White-handed Gibbon (Hylobates lar)

This species has relatively long forearms which assist it in suspensory behavior. This species has throat sac located beneath the chin to help enhance the calls. The white-handed gibbon lacks a tail, caudal vertebrae. The average body mass for an adult male white-handed gibbon is around 5.7 kilograms, and for the female it is around 5.3 kilograms. Pelage color for this species ranges from dark brown to beige.

The white-handed gibbon is found in the countries of Burma, China, Indonesia, Malaysia, and Thailand. This species is found in semideciduous monsoon forests and tropical evergreen forests, and these are either of primary or secondary forest types.

The white-handed gibbon is a frugivorous species, but will also consume immature leaves and insects. The white-handed gibbon prefers to consume fruits high in sugar such as the fig (Ficus). This an arboreal and a diurnal species. This species sleeps and rests in the emergent trees (Leighton, 1987).

The white-handed gibbon is a true brachiator which means it moves by suspensory behavior (Fleagle, 1988). The brachiation is of a type where the white-handed gibbon throws itself from tree to tree over gaps of 10 meters or more using there arms (Fleagle, 1988). This species also climbs when moving slowly and feeding (Fleagle, 1988). This species is also able to move for short distances by bipedalism (Fleagle, 1988).

The white-handed gibbon has a monogamous mating and social system. The basic group structure is the breeding pair and their offspring. Both males and females emigrate from their natal group around adolescence. This is a territorial species. Adolescent and subadult males participate in the defending of the territory against conspecific males with their fathers (Ellefson, 1974). Although females rarely take part in aggressive encounters, newly paired females and females with partners that are weakened will chase away conspecifics of both sexes (Chivers and Raemaekers, 1980). This species has codominance where both the male and the female are dominant (Gittins and Raemaekers, 1980). Although this species is monogamous where it is sympatric with Hylobates pileatus some groups will have females of both species.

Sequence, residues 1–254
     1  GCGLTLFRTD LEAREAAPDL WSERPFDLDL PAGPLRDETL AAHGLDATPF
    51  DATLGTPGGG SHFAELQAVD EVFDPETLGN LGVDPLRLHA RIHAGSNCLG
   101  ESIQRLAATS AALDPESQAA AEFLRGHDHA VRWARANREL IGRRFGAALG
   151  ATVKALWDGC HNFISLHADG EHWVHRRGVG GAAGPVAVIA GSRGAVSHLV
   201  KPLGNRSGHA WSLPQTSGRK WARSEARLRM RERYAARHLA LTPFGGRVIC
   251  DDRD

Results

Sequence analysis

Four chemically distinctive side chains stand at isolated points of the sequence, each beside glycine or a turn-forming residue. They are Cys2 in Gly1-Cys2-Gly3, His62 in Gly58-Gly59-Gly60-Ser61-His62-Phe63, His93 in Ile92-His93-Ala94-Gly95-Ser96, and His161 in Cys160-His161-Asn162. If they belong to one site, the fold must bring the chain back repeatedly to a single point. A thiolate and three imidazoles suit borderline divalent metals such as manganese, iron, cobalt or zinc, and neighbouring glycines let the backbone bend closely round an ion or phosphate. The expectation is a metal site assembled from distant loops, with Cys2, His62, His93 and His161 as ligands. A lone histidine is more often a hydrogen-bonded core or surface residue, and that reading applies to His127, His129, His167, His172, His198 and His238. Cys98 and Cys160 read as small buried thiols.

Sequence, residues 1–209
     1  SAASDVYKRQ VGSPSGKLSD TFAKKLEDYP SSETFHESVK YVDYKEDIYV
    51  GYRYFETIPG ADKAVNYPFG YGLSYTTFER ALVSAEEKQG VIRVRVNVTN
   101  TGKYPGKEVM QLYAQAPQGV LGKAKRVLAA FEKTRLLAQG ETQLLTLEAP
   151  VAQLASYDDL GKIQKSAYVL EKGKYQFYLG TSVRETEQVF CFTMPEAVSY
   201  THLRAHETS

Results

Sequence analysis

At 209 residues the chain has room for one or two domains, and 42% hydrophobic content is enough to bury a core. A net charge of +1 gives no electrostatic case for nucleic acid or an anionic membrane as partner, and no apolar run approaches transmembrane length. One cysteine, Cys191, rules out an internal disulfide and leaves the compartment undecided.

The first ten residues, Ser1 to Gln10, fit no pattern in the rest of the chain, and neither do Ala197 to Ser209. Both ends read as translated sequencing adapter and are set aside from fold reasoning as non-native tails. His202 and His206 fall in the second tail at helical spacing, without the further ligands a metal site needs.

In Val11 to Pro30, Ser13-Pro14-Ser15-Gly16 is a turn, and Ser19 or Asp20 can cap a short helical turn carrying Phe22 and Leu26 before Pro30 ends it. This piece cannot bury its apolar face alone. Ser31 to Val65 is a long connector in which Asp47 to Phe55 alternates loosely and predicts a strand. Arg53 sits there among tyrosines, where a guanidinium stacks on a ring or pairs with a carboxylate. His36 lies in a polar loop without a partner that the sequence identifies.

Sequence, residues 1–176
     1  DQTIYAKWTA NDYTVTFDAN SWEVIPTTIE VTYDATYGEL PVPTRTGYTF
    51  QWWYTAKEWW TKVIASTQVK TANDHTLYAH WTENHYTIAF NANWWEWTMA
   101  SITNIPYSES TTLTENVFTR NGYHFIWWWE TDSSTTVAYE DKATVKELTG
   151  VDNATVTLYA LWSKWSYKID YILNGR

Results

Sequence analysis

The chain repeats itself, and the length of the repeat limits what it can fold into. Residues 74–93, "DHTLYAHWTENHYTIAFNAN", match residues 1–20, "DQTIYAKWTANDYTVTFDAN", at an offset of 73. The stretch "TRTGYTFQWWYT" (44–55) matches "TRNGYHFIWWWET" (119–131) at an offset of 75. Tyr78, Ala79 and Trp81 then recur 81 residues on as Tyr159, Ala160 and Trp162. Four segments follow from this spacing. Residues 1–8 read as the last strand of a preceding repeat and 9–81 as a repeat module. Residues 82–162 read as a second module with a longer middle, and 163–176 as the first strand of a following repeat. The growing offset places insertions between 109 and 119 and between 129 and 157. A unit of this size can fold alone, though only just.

duetting: These are vocalizations which occur between the breeding male and female, and is dominated by the female. This vocalization is important because it helps to maintain the pair bond between the breeding pair and also it helps to establish and maintain the territory.



social grooming: This is when one individual grooms another and is used to reinforce the bonds between individuals.

The white-handed gibbon gives birth to a single offspring.

Burton, Frances. 1995. The Multimedia Guide to the Non-human Primates. Prentice-Hall Canada Inc.

Chivers, D.J. and Raemaekers, J.J. 1980. Long-term Changes in Behaviour. In Malayan Forest Primates: Ten Years’ Study in Tropical Rainforest. ed. D.J. Chivers. Plenum Press.

Ellefson, J.O. 1974. A Natural History of White-handed Gibbons in Malayan Peninsula. In Gibbon and Siamang, Vol. 3. Ed. D.M. Rumbaugh. Basel: S. Karger.

Fleagle, John G. 1988. Primate Adaptation and Evolution. Academic Press.

Gittins, S.P. and Raemaekers, J.J. 1980. Siamang, Lar, and Agile Gibbons. In Malayan Forest Primates: Ten Years’ Study in Tropical Rainforest. ed. D.J. Chivers. Plenum Press.

Leighton, D.R. 1987. Gibbons: Territoriality and Monogamy. In Primate Societies. eds. B.B. Smuts, D.L. Cheney, R.M. Seyfarth, R.W. Wrangham, and T.T. Struhsaker. University of Chicago Press.

Last Updated: October 8, 2003.
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